Late on the evening of Jan. 9,—a sort of online newspaper classified section, featuring local ads in most cities nationwide—angrily closed the virtual doors on its Adult section, claiming it was forced to do so because of ongoing “censorship” from the federal government.

The decision came just hours after the U.S. Senate Permanent Subcommittee on Investigations (PSI) released a 53-page report to the media detailing the findings of a 20-month probe into Backpage’s business practices, and one day before a Senate hearing on that matter in which all five Backpage executives who appeared took the Fifth Amendment.

According to the Senate’s report—tellingly titled “’s Knowing Facilitation of Online Sex Trafficking”—Backpage not only systematically edited wording to obfuscate the fact that girls in many of the ads were minors, but also coached their traffickers how to do it as well. The company didn’t keep the original versions of the ads, and was careful not to mention its editing system to law enforcement.

“We will never know how many girls and women were subject to abuse that helped conceal,” Sen. Rob Portman (R-Ohio) said at the Jan. 10 hearing. “Based on our estimate, they were editing well over half a million ads per year.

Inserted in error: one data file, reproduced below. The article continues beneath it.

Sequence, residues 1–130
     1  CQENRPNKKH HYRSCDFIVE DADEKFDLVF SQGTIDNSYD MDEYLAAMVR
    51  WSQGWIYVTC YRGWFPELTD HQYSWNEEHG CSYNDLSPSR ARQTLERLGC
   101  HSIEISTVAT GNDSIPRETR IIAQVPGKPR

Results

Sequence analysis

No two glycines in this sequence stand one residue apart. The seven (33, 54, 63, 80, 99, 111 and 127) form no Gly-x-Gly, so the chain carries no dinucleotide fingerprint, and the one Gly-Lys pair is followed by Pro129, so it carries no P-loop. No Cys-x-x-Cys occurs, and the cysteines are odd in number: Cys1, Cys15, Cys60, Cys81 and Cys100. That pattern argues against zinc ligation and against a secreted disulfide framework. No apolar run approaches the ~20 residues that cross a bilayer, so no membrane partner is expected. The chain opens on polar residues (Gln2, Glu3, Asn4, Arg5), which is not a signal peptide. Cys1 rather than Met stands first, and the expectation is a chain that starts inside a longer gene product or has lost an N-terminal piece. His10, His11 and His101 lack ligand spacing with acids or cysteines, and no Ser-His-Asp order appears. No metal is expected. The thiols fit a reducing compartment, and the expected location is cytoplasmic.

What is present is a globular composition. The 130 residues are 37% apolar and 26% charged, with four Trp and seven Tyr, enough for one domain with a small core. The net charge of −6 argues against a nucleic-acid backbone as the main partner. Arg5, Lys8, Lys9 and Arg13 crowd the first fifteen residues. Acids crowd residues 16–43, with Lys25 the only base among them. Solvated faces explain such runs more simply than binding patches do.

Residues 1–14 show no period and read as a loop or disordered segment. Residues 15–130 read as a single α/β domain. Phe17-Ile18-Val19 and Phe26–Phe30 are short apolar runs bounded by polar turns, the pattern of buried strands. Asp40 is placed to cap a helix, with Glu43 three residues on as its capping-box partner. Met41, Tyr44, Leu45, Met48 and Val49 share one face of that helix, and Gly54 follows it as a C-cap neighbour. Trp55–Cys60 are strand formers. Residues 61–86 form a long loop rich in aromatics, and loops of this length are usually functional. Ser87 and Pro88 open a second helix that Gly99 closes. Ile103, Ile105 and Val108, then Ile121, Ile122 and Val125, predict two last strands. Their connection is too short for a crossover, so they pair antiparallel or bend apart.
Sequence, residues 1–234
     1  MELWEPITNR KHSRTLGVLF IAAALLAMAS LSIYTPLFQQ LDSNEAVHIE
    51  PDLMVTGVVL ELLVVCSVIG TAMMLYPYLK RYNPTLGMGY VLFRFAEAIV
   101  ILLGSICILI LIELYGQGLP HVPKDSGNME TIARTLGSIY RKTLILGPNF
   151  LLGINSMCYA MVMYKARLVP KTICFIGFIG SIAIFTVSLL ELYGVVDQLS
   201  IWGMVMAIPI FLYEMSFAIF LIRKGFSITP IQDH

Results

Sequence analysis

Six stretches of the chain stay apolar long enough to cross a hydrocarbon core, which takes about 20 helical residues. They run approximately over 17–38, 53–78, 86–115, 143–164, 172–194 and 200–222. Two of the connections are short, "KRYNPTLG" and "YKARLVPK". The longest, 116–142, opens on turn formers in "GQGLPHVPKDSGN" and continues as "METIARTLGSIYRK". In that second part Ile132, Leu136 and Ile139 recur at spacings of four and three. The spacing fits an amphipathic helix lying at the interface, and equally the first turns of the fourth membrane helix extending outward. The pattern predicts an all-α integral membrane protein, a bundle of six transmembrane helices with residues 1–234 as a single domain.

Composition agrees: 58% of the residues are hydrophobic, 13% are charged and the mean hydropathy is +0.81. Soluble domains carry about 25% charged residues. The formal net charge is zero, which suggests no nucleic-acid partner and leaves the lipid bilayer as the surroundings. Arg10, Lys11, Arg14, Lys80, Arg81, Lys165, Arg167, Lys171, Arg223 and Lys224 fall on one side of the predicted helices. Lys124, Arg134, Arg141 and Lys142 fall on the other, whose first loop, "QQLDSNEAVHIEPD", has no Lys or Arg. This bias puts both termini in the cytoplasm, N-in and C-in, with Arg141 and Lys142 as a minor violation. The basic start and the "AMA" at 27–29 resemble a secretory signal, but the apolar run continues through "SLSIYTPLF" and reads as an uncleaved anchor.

“These are not the practices of an ally in prosecuting human trafficking; these are the actions of a company that is intent on profiting from human trafficking.”

Developed as part of Village Voice Media Holdings in 2004 by CEO Carl Ferrer, Backpage leaped to the front of the online adult-services advertising world in 2010 when Craigslist—similarly accused of facilitating child sex trafficking—voluntarily shut down that portion of its site. Today, Backpage is a $600 million company operating in 97 countries, and the vast majority of the approximately $150 million it makes each year comes from the adult advertising section. Its market share of the online sex ads in the U.S. stands at about 80 percent.

Senate staffers culled through 1.1 million pages of documents extracted from Backpage over a period of months, eventually releasing the report along with an 840-page appendix of emails and other communications on which the findings are based.

In a Jan. 9 statement, Ferrer and co-owners James Larkin and Michael Lacey noted the adult section is still up in the other 96 countries where Backpage operates, moved the ads in question to the site’s Dating section, and said the Senate’s investigation was an “abuse of congressional authority” which it intends to continue fighting in court.

Lawyering Up

And Backpage’s executives are certainly no strangers to court battles.

In 2009, Kubiiki Pride found her missing 14-year-old daughter in a Backpage sex ad. She recovered her daughter, identified in court records and the documentary film I Am Jane Doe as M.A., 270 days after she disappeared—stabbed, burned, shaved, beaten and addicted to drugs—but the ads featuring her remained on Backpage despite Pride’s continued pleas for them to be removed. As she told the PSI on Jan. 10, a Backpage employee to whom she spoke went so far as to tell her that unless she was the person who paid for the ads, she had no authority to demand their removal.